Appeals court to hear Missouri's inmate abortion suit
St. Louis, MO. –
| Hear: NPR's Kathy Lohr report for Morning Edition about another abortion issue in Missouri - the new law that could shut down two clinics |
A federal appeals court panel in St. Louis is hearing arguments this (Mon.) morning over whether Missouri is obligated to transport female offenders seeking an outside abortion.
A three-judge panel of the Eighth U.S. Circuit Court of Appeals is hearing the class-action case.
Attorney General Jay Nixon appealed a federal court ruling requiring Missouri to take pregnant inmates to abortion clinics when they request the procedure.
U.S. District Court Judge Dean Whipple in Kansas City last year ruled that a relatively new Missouri policy against transporting inmates for abortions was unconstitutional.
Whipple cited a 1989 U.S. Supreme Court ruling "holding explicitly that Missouri law prohibiting the use of Missouri state funds to assist with an abortion does not encompass transport to the location where the procedure is to take place."
A past state Department of Corrections policy on the health care of pregnant inmates specifically stated that the government would pay to transport an inmate for an abortion, although it would not pay for the abortion itself.
But the department reversed that policy in July 2005. It cited costs, security concerns and a 1986 state law prohibiting the use of public funds, facilities and employees to assist an abortion when it's not necessary to save the life of the woman.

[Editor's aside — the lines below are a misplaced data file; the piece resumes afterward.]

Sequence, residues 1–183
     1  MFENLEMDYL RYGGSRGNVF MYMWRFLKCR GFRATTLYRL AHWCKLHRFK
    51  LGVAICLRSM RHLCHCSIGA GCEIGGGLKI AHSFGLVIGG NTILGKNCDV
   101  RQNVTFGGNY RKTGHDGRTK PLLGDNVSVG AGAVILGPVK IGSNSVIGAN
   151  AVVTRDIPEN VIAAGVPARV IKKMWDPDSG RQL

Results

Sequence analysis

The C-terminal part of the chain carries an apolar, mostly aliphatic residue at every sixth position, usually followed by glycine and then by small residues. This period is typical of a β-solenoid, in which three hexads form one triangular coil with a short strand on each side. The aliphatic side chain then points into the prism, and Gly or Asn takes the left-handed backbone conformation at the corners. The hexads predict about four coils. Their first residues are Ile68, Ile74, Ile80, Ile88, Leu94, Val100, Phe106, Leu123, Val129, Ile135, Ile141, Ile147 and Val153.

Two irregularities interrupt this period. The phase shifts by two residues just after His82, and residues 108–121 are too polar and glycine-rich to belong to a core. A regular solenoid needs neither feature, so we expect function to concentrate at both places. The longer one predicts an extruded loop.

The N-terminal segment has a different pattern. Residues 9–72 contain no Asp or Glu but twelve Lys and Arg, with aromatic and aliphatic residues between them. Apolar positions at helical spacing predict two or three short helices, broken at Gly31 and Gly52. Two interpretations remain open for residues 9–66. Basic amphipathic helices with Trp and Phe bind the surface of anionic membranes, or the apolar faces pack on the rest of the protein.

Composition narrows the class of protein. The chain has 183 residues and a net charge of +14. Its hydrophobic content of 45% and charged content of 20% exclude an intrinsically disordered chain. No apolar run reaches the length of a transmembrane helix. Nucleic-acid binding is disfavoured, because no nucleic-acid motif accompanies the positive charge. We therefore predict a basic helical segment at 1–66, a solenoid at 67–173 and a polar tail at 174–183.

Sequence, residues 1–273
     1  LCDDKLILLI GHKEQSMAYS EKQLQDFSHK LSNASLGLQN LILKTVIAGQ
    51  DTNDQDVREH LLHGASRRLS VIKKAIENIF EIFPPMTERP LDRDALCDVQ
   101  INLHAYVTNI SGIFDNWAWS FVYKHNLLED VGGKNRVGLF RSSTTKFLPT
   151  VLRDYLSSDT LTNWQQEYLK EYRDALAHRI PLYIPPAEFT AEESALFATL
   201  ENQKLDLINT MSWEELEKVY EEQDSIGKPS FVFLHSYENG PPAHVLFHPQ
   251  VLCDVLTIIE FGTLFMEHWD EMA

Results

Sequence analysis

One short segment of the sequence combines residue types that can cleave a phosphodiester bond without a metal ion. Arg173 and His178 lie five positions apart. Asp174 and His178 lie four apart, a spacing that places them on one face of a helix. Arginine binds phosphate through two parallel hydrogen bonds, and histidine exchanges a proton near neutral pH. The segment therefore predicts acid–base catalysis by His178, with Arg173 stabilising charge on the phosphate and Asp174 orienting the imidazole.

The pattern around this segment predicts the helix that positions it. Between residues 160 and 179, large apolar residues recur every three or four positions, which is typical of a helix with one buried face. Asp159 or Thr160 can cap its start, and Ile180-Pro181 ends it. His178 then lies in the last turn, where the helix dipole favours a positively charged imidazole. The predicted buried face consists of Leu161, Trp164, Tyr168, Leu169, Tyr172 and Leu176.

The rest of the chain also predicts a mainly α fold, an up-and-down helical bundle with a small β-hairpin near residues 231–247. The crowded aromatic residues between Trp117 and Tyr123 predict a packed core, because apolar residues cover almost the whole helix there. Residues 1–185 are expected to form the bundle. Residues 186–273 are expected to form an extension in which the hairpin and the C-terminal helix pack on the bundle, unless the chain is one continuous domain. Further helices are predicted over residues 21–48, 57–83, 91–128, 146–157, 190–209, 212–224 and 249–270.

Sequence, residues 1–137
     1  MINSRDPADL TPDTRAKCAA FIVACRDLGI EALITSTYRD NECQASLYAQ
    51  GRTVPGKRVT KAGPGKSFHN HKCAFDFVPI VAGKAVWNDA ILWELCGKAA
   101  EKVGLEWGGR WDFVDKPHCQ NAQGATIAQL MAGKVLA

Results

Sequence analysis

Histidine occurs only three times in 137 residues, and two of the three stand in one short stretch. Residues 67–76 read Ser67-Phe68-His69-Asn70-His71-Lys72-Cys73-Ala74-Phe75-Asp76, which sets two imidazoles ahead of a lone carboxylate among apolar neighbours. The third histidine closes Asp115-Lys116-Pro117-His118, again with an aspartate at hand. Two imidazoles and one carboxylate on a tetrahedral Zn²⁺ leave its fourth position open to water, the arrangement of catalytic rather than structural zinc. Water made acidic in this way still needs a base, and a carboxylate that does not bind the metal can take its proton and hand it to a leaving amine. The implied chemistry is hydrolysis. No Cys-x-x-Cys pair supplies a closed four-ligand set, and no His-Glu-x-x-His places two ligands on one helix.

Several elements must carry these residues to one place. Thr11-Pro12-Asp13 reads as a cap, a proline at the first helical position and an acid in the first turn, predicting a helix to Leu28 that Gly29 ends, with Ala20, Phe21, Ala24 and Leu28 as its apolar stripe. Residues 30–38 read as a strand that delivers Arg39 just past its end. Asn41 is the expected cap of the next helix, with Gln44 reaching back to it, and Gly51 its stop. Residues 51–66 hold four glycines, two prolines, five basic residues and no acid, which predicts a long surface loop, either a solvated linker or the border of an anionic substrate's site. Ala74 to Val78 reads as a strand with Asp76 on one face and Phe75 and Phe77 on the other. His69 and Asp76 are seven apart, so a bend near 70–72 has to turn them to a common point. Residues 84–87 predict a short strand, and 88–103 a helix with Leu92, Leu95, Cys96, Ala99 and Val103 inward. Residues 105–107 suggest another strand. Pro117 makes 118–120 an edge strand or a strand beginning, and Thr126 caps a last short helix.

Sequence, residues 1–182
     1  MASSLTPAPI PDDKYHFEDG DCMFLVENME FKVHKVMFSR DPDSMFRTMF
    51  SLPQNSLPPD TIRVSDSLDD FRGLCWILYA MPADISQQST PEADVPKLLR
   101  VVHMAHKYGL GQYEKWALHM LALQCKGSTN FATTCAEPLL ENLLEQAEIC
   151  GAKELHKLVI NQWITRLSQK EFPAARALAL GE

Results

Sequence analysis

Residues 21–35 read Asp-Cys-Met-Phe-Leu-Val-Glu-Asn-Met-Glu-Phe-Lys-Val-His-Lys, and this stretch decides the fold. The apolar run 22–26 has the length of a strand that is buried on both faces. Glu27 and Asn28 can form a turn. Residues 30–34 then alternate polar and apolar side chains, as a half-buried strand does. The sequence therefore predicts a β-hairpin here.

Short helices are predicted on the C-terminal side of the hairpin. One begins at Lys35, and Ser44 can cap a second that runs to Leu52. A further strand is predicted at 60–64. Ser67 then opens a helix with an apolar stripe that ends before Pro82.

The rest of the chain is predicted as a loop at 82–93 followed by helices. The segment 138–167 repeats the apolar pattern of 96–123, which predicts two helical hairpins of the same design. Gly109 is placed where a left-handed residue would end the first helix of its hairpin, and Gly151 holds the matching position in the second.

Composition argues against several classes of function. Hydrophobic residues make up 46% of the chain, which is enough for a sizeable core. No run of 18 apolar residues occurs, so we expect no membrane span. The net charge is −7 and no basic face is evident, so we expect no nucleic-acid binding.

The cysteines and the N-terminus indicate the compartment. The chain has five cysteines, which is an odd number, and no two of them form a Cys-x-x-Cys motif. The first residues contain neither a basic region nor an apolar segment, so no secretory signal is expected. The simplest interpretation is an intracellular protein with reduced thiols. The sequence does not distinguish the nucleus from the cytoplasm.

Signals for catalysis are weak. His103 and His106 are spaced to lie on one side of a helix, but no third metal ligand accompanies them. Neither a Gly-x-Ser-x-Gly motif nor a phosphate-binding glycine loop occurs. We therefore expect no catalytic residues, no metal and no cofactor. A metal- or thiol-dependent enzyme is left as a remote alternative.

Under the revised policy, the department would only transport an inmate for an abortion if her life or health were endangered.
Whipple ordered the state to transport a pregnant inmate referred to in court as Jane Roe to receive an abortion in October 2005, and the U.S. Supreme Court declined to intervene. The case was certified as a class action, leading to Whipple's ruling last year that would allow any Missouri inmate seeking an abortion to have access to one.
Diana Kasdan, an attorney with the American Civil Liberties Union, said Friday at least two other courts, in cases out of New Jersey and Arizona, have held that female offenders have the right to access an abortion.
Nixon's office declined to comment.
The state is expected to argue that the revised policy is a reasonable regulation because of its legitimate interest in providing security, even if a constitutional right is curtailed.
Since September 2006, the state has transported three offenders to obtain an abortion. The state has transported a total of seven to abortion clinics since June 2005, the Department of Corrections said.
By contrast, from July 2006 to this past July, 52 female offenders all at the women's prison in Vandalia delivered babies at area hospitals.
Most of the children end up living with other family members, Corrections spokesman Brian Hauswirth said. Missouri has no program that allows offenders and their children to remain together in prison or to take part in overnight visits.